In a flat base, the consolidation lets the stock digest prior gains. Stocks can also form flat bases when the overall market is in a downtrend or can’t muster much progress.

A flat base is one of the shorter price patterns. It only needs a minimum of five weeks to take shape. Most other price structures need at least seven weeks.

– Correction in the base should be no more than 15% from the stock’s peak
– Volume on breakout day should be 40% more than average
– Entry price is 10c more than the high of the pattern

Words of Experience

Starting your own business can be a risky, time consuming and often costly labor of love. There are many traps that budding entrepreneurs can fall into. So knowing about what to look out for, and what to avoid can be the difference between your business flourishing and collapsing.

For Gareth Williams, co-founder and Chief Executive of Skyscanner, the vacation price comparison website, placing emphasis on who you hire – especially when your business is in its infancy – is of paramount importance.

“Make hiring your top priority and not a side job,” he told CNBC.com. “Normally, you’re so busy that you try to fit interviewing and hiring around the edges of your job, but actually the success of what you do will be guided by your success in hiring.”

(Read more: Has the UK become the ‘number 1’ place to start a business?)

Choosing the right medium for your message to potential clients and investors is another issue.

“Avoid communicating important or complicated messages by email,” Williams added.

“When you’re an entrepreneur, a lot seems obvious: you’re thinking about your concept and its context all the time. If you try to take a short cut and explain something by email then you’re probably going to find that only 10 per cent of the message is understood. You’ve got to do it in person, got to spend time explaining your message and taking feedback.”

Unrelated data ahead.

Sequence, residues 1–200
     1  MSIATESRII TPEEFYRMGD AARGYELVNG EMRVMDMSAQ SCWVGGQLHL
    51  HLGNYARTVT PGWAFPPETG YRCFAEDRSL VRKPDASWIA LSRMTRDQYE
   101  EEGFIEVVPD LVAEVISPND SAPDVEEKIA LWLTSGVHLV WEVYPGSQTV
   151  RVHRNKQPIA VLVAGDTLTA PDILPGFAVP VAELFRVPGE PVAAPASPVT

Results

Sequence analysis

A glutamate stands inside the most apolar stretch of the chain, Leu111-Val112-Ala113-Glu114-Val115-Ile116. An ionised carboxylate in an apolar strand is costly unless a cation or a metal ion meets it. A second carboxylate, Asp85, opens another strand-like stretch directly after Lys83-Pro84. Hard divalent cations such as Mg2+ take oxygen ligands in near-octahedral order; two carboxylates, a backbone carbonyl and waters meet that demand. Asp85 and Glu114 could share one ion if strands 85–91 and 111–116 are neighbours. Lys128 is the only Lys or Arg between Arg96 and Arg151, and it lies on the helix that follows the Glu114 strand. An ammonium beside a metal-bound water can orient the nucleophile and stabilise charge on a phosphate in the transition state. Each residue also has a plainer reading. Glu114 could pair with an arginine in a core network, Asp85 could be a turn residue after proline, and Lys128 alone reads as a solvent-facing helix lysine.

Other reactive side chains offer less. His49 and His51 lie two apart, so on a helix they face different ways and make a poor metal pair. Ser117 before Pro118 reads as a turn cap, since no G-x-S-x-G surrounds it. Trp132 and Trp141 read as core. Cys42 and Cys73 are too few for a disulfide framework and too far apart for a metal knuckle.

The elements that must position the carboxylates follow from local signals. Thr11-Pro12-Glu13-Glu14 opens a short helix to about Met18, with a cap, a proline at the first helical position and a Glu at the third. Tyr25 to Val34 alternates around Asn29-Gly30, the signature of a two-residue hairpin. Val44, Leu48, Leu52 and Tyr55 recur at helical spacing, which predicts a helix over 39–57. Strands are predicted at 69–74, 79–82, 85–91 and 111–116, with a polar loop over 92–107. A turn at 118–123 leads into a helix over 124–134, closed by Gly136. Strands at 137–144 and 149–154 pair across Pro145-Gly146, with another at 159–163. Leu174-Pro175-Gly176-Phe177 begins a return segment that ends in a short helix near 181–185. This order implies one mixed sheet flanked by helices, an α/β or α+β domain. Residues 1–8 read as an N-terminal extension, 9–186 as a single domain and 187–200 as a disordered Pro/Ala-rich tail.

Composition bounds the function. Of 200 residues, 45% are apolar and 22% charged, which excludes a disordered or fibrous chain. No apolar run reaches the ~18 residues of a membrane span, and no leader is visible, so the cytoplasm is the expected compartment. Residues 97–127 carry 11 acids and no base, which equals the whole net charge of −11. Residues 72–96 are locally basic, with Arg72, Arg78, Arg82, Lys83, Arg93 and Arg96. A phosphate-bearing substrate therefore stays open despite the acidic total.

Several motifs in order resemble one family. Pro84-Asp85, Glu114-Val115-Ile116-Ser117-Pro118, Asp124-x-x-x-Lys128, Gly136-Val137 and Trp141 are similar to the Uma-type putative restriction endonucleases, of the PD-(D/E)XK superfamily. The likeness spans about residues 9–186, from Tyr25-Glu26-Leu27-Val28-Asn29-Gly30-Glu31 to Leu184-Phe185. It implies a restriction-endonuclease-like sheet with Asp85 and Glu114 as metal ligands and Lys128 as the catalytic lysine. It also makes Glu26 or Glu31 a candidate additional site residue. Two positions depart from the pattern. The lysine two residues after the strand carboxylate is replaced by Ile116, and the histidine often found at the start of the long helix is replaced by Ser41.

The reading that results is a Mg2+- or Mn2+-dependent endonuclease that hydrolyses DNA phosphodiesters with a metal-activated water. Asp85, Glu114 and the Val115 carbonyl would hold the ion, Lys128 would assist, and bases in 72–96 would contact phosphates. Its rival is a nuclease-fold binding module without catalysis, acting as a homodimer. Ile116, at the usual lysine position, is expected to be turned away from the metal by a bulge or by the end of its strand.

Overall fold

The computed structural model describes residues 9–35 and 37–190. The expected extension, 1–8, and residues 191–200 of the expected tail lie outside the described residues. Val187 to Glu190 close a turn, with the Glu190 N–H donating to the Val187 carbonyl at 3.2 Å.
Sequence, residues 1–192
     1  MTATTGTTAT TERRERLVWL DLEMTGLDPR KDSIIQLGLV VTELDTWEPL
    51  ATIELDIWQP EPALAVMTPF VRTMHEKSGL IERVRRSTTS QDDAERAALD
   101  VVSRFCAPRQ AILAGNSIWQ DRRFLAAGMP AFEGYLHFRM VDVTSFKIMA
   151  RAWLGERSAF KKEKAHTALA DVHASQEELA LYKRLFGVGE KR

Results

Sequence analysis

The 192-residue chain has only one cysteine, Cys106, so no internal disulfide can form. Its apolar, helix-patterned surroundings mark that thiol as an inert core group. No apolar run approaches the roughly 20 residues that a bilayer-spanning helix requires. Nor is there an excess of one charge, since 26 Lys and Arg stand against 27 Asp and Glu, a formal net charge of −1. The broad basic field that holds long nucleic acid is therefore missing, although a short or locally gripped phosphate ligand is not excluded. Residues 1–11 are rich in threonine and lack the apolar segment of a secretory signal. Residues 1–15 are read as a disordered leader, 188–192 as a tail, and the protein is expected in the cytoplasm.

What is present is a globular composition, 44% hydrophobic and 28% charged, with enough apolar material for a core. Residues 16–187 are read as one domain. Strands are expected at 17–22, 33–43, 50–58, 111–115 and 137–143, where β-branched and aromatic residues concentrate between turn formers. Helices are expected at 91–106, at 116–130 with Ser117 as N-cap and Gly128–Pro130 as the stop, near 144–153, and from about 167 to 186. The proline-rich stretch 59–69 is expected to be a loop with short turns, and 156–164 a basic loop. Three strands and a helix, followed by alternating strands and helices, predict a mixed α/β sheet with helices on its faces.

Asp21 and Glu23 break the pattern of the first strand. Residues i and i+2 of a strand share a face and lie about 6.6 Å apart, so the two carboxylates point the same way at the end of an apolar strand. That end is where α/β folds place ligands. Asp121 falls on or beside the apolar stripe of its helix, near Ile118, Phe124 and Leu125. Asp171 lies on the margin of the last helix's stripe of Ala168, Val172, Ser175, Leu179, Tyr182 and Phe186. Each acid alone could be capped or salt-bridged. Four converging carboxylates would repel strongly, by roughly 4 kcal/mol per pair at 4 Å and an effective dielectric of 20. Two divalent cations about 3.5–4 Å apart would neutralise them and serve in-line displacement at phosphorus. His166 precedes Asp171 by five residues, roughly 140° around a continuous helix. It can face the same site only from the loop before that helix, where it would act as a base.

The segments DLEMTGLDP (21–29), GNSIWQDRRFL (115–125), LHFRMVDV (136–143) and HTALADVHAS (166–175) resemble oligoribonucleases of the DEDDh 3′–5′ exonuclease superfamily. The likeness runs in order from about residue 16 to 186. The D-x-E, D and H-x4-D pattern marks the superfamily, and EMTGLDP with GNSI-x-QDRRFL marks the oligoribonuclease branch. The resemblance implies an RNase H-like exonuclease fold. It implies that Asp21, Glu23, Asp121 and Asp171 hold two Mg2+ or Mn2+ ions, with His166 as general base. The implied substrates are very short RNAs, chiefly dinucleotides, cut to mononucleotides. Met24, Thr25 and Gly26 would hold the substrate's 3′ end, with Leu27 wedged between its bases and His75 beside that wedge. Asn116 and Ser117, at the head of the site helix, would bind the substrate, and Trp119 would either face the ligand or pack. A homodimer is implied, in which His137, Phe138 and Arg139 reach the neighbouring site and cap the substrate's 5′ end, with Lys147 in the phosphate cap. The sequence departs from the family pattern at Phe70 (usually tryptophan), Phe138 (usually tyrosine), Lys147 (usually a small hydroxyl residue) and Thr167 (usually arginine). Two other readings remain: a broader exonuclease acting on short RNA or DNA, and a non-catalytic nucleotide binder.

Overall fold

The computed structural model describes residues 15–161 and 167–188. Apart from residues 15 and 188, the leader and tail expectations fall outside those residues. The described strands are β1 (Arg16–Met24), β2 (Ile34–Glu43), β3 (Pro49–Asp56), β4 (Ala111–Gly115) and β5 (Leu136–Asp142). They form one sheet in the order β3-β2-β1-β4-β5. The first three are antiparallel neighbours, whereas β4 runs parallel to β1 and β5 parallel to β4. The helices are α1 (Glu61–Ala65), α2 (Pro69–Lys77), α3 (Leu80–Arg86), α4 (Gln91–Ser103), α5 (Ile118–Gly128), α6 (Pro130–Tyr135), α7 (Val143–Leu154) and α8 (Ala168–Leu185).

Clarity of vision and facing facts is also key, according to William Chase, a potato farmer and entrepreneur who founded the luxury crisp company Tyrells, and now runs the Chase Distillery in Herefordshire, England, which produces one of the world’s best vodkas.

“People don’t react to things that aren’t working,” he told CNBC.com. “If you’re trying to sell something to people and they don’t want it, you have to act. You mustn’t keep going, you’ve got to stop, find out what it is they do want, and then turn around and sell it.”

(Read more: The entrepreneur’s biggest risk may be retirement)

Reining in your ambitions – at least initially – can also be beneficial. “Rather than start something that’s too big, start small so you have time to move the business in the direction you want it to go,” Chase added.

Starting small should not, however, limit your business. “If you set modest goals for the company, it’s unlikely that you will exceed them,” Williams, of Skyscanner, said. “Absolutely start small, but if you’re not aware of the larger opportunity, then you will never exploit it.”